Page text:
Effectiveness of Exercise-Based Injury Prevention Programmes in Collision Sports
A systematic review of studies that have previously implemented an exercise-based injury prevention intervention in collision sports was conducted to determine the effectiveness of such interventions in reducing injury rates. The review included nine studies (a total of 3517 participants), with seven of these showing a significant decrease in injury risk in the population implemented. American Football players had a significant decrease in the injury incidence of ankle sprains following foam pad balance training. Eccentric hamstring curls were also effective in one of the studies in this review. Other effective exercise modalities were neck strengthening, stretching, and landing skills. Whilst seven studies had positive results, after assessing the quality of the studies, only one of the effective studies was identified as having a high methodological quality. In conclusion, there was evidence that exercise-based injury preventions can be beneficial in reducing injury risk in collision sports, but more studies of high methodological quality are required.
Effectiveness of the Safe Six on Injury Risk Profiles in Youth Rugby Players
The final step in the process was to assess the Safe Six, which is an injury prevention programme designed by BokSmart to decrease the injury burden in rugby in South Africa. The aim of this study was to determine the effectiveness of the Safe Six on injury risk profiles (Functional Movement Screening and Musculoskeletal Screening Assessments) and IID. The cluster-randomised controlled trial (cRCT) was performed over eighteen weeks, using six schools (n = 210 players) in the Western Cape, South Africa to determine the effectiveness of the BokSmart Safe Six on injury risk profiles and IID. Three schools implemented the Safe Six (intervention), and the other three schools continued as usual (control). All schools were tested pre-season, mid-season and post-season. The Safe Six was associated with small significant improvements of the injury risk profiles in the cRCT intervention group youth rugby players.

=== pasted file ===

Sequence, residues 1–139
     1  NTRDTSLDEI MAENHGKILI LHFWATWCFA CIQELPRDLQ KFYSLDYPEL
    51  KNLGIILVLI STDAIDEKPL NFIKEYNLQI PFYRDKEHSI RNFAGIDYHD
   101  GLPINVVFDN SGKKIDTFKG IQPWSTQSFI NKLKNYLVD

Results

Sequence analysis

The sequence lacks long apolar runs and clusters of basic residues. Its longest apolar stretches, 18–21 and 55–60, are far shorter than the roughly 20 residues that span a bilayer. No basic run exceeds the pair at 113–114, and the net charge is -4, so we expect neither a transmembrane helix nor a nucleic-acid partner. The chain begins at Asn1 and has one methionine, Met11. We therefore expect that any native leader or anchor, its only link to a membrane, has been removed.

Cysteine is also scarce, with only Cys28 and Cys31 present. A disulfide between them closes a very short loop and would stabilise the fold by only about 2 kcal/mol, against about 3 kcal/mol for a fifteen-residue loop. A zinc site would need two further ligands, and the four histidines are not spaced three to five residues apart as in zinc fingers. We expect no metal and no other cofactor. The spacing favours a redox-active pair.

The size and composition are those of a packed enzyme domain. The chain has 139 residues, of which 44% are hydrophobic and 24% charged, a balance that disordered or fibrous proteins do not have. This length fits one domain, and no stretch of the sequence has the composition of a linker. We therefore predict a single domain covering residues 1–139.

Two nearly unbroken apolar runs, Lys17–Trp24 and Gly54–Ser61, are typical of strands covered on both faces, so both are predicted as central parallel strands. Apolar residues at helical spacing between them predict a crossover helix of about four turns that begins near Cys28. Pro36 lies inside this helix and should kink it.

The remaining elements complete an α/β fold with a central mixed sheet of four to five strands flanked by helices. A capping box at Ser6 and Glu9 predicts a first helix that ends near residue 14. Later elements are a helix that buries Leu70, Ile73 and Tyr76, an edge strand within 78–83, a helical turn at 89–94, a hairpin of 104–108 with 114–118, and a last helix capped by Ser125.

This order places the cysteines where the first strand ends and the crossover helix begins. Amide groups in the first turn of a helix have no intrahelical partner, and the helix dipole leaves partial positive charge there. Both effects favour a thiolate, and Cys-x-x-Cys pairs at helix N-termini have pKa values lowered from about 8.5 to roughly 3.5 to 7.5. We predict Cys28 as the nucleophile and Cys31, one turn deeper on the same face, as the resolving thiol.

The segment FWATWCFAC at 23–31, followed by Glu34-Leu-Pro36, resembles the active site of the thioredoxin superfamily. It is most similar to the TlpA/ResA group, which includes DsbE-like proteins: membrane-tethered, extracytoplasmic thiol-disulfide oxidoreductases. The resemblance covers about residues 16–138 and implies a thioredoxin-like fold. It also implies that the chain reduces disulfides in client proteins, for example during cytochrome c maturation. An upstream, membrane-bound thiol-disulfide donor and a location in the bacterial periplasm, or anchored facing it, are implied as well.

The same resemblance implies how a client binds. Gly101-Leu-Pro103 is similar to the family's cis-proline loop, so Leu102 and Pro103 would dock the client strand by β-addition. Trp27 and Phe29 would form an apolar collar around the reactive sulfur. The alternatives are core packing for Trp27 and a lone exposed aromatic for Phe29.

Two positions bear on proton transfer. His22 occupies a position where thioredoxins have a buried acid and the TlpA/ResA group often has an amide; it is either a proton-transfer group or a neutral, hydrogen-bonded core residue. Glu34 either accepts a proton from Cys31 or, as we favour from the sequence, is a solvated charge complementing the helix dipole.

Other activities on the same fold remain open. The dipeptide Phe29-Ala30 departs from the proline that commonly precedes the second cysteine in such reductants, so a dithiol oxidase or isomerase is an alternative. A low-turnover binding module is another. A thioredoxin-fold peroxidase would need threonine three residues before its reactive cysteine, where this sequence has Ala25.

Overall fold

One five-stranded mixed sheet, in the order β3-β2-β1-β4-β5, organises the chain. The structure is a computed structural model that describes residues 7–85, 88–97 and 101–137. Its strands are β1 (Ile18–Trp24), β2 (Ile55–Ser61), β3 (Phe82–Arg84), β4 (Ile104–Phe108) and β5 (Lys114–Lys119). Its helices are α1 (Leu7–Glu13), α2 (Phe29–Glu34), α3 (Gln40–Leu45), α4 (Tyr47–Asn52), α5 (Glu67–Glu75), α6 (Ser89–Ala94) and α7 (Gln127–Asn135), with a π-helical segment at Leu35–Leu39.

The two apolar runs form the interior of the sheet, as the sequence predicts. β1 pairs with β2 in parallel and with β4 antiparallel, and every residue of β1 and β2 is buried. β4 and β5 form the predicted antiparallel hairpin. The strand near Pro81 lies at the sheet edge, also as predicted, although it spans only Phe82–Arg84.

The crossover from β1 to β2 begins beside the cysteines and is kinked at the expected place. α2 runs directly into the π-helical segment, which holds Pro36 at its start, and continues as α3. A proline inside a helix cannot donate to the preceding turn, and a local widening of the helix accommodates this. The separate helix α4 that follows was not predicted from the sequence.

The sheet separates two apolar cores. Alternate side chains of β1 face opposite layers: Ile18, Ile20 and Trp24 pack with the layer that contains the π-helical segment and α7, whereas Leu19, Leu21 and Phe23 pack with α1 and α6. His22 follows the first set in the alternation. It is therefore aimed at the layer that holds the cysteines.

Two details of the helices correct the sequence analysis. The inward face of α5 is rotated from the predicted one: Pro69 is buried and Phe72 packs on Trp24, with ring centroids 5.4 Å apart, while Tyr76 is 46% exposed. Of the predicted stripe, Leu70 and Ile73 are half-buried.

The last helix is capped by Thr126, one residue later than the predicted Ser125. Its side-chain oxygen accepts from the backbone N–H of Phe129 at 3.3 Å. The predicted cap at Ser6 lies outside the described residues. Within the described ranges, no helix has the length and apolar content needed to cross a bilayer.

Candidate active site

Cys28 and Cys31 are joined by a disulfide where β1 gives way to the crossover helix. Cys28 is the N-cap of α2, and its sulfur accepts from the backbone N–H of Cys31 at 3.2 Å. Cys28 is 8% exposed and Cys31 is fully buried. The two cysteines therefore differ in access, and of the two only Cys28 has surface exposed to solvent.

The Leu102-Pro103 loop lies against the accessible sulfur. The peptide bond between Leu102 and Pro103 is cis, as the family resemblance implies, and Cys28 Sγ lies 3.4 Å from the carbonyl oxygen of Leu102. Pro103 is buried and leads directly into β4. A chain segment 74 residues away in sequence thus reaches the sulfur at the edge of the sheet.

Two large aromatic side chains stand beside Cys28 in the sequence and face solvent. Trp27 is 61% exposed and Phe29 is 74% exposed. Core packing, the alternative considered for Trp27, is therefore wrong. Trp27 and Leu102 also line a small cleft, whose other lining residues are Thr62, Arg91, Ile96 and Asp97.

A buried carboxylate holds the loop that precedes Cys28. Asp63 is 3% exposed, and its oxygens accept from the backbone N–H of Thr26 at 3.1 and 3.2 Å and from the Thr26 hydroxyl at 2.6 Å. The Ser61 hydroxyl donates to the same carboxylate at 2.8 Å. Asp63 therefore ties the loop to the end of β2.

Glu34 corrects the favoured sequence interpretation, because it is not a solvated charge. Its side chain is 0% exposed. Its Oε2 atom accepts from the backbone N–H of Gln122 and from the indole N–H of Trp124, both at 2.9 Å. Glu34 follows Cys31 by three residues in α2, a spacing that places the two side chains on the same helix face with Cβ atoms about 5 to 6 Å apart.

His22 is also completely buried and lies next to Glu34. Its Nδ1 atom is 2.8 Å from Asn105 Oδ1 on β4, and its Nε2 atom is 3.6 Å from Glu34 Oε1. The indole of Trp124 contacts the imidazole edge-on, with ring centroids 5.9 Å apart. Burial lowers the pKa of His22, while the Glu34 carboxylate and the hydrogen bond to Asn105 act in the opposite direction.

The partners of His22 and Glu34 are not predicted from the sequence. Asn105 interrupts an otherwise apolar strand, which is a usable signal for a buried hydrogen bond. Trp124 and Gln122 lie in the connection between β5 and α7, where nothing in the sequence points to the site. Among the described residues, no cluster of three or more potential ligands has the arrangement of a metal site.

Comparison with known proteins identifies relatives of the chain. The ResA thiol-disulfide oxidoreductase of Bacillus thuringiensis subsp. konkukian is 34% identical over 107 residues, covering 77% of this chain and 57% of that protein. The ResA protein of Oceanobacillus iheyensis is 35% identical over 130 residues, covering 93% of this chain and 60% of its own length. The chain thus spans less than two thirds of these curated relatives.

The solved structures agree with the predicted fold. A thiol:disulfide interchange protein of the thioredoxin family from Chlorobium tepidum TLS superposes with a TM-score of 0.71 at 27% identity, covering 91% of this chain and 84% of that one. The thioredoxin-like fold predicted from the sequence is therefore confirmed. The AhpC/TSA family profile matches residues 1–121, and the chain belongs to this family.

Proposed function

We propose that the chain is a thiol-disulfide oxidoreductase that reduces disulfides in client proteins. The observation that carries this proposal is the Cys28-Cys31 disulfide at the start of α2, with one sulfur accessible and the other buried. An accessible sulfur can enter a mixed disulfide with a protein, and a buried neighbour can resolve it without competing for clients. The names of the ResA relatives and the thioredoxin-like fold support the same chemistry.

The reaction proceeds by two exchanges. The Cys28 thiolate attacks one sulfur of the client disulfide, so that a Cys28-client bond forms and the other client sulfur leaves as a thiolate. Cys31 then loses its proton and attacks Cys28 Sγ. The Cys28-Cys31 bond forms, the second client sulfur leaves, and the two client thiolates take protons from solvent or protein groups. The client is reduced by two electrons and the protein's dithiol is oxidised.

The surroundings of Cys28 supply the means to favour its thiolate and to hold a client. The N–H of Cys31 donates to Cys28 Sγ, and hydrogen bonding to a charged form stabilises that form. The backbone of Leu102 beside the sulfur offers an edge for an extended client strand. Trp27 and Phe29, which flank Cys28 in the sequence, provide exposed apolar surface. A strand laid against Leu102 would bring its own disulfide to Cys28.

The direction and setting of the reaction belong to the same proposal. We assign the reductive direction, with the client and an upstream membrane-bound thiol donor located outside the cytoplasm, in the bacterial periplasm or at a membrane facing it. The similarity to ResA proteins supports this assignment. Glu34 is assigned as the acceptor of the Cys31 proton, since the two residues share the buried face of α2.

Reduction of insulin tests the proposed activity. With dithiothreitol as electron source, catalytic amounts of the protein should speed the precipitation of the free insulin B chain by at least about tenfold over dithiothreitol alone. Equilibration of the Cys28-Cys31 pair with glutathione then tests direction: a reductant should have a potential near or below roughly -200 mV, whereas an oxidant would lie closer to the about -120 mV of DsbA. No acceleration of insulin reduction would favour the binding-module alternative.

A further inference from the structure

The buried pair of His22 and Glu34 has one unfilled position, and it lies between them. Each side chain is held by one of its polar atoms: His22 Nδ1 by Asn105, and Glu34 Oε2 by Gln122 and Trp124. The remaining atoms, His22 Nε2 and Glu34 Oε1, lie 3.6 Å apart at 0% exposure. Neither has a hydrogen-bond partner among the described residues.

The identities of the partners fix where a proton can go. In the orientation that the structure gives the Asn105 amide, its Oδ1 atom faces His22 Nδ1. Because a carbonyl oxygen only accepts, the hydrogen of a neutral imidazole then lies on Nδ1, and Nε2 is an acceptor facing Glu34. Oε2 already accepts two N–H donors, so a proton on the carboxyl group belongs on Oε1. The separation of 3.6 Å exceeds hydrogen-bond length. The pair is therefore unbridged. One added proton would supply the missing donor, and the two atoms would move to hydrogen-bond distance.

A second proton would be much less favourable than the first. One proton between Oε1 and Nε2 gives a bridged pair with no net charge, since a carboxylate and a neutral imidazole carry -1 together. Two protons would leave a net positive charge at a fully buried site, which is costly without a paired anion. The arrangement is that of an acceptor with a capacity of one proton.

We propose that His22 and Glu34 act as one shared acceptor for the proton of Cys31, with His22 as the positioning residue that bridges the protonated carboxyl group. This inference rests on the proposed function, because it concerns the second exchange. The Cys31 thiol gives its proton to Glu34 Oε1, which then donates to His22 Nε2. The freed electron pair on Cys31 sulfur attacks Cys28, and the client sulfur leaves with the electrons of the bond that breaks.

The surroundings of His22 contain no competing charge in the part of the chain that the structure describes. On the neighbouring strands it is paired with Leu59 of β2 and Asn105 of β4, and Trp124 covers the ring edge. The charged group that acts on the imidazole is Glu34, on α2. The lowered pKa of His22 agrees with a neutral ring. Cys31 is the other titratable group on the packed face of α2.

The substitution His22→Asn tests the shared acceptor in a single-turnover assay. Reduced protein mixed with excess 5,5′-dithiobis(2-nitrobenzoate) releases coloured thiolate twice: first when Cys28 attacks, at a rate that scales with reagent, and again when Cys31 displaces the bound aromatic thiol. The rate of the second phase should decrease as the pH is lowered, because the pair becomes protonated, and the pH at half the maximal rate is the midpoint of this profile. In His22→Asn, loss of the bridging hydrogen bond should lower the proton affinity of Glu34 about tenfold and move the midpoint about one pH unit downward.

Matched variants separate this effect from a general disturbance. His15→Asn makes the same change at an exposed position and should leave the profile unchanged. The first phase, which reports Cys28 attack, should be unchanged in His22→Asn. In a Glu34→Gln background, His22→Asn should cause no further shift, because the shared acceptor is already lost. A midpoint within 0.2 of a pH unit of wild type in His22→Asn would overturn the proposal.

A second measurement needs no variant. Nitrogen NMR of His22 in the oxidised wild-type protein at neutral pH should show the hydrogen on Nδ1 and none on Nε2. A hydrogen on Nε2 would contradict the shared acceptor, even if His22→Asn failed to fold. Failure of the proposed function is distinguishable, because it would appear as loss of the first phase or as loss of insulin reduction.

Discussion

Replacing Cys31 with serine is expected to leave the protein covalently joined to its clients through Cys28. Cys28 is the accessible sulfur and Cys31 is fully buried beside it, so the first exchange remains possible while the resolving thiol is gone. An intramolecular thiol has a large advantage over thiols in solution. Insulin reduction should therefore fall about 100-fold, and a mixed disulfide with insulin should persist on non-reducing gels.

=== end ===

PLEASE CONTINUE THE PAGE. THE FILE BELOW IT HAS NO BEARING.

The BokSmart Safe Six was associated with small changes in injury risk profile scores in youth rugby players. The SA youth rugby cohort had a similar IID to other youth cohorts, with the joint (non-bone)/ligament and CNS/PNS injuries having the highest IID. However, injury burden in the South African youth population was lower than reported in other youth rugby cohorts, indicating injuries to be less severe in under-16 players in South Africa. The systematic review identified only one high-level study that was effective for injury prevention. Eccentric hamstring curls, plyometric exercises and balance training appeared to have prevention qualities. The youth rugby cohort in South Africa is still in need of an effective intervention, and a neck strengthening component has been associated with reductions in concussion incidences and if added to the Safe Six, could potentially increase its effectiveness in reducing IID in particular.